For ease of purchase and to read other’s reviews Non-affiliate amazon links are used above, feel free to purchase them at your local shop.

2014 NYC Marathon, a week away

2014 TCS NYC Marathon

So in just over a week, I’ll be finally getting my second run at the NYC Marathon. I did the race back in 2009 and while I was having a great day and enjoying every minute, I managed to twist my ankle at the start and then tweak my IT band over the first 18 or so miles, the last 10k was quite painful. This year’s race is a deferral for me after Hurricane Sandy canceled the 2014 edition.

So, after an foot injury (Peroneal tendonitis) in August, my planned 2 month ramp up was shortened to 1 month. This is not ideal in any situation, but I had a busy October with 2 weekends of travel. I started slow with 3 to 5 mile runs then 2 10ks and finally my “long run”, a 15 miler. After discussing with my Coach at EN, the rest of my runs were to be alternating 5 and 10 milers with a rest day in-between. When I do my last run on Wednesday before the race, I’ll hopefully have some durability in my legs to finish the race without too much pain.

Goals for the race:
Finish smiling
4:35 (or faster finish) — I know given the amount of training I’ve done it’s asking a lot, but if my legs hold up, I think I can sneak by.

Bib number is 27139, second wave at 10:05AM, Orange Corral C.

Amazingly Amazing

Escape from Alcatraz — in for 2015

Escape from Alcatraz Triathlon

On my birthday yesterday I got the news that I was selected in the first drawing of the lottery to participate in the 35th annual Escape from Alcatraz Triathlon.

Well, this was somewhat bittersweet for me as I’ve always like the idea of the race, I’m really not all that fond of cold water. I said if I got in via lottery, I’d tough it out and probably have an awesome time. So, on June 7, 2015, I’ll be jumping off of a ferry in to very cold water to start what is considered one of the most legendary triathlons run today.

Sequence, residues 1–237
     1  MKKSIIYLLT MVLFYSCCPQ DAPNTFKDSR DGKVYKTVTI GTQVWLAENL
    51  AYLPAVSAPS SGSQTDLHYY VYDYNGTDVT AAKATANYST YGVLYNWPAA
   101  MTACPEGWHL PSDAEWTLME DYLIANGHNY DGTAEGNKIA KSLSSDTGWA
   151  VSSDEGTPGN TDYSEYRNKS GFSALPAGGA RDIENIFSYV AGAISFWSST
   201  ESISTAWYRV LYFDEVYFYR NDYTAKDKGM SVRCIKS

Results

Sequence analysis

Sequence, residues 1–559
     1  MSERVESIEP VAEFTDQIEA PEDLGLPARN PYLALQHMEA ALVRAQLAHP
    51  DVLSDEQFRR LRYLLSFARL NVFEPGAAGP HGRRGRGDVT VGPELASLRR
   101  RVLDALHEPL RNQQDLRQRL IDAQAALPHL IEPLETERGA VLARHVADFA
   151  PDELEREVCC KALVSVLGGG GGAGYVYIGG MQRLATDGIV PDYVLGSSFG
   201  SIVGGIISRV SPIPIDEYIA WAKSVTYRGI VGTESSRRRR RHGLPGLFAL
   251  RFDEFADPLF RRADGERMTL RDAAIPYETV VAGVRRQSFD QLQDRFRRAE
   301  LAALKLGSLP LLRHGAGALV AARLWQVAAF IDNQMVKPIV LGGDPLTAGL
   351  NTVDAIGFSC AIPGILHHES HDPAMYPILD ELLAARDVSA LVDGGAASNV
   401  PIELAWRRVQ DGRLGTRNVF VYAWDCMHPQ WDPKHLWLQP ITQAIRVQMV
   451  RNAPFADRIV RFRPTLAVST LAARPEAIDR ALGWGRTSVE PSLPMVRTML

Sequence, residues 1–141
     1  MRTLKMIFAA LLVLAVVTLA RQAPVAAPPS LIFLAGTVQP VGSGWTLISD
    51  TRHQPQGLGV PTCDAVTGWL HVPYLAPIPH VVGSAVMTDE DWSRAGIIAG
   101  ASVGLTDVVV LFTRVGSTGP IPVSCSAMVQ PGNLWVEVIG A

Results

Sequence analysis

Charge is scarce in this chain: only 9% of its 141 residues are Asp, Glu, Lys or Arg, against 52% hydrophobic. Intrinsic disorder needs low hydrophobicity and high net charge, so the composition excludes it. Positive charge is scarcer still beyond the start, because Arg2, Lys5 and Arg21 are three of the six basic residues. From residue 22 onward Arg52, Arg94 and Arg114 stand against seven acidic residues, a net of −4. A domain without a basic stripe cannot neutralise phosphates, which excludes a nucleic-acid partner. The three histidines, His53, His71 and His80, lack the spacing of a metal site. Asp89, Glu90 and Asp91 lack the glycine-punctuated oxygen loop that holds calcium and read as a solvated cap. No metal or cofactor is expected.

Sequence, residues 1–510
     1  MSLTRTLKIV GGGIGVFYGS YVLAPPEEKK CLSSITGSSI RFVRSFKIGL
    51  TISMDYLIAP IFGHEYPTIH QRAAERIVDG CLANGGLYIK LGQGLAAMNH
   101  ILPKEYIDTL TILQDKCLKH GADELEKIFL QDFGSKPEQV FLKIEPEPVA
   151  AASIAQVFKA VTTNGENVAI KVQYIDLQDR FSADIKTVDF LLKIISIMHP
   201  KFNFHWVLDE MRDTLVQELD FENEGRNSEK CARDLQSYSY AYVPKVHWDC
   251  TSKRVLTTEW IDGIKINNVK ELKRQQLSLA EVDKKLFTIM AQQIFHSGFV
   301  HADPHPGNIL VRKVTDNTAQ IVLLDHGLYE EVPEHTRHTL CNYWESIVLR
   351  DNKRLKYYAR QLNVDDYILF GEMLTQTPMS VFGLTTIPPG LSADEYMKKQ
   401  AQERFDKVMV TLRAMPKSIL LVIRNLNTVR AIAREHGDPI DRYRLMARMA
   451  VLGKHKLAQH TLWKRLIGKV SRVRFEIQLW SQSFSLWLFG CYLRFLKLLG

Over the past 24 hours I’ve been reading people’s race reports in Slowtwitch and Endurance Nations forums, watching Videos on YouTube, I have to say, now I’m psyched and looking forward to June 5th.

Incidentally, I’ve wanted an excuse to visit San Francisco, but, I’ve never gotten around to making one, now I’ve got a great one. Also, the race should be the same week as Apple’s WWDC, so I can hopefully meet up with friends I know that will be in town for that event.

Race Report: Town of Hempstead Tri 2014

Town of Hempstead Tri, September 6th, 2014 — Race Report

Location: Town Park at Point Lookout

The Town of Hempstead Triathlon is as old school as it gets. In its 30th year some things have not changed, you bring you own swim cap, there are no timing chips, no bike or helmet stickers, no google mapped course layouts, just a bunch of enthusiastic athletes on a Saturday morning in September, ready to swim, bike and run their way through one of the last events of the season. Getting in to the race is an event in itself, there’s no online entry. You must get the official entry form (that’s printed on purple paper) from one of the sponsor shops, or send a self addressed, stamped envelope to the Town of Hempstead to have them mail you back the entry form. You then fill the form out, have it notarized, yes notarized, and then mail it in. Once accepted, you’ll get a single piece of paper with the race details mailed back.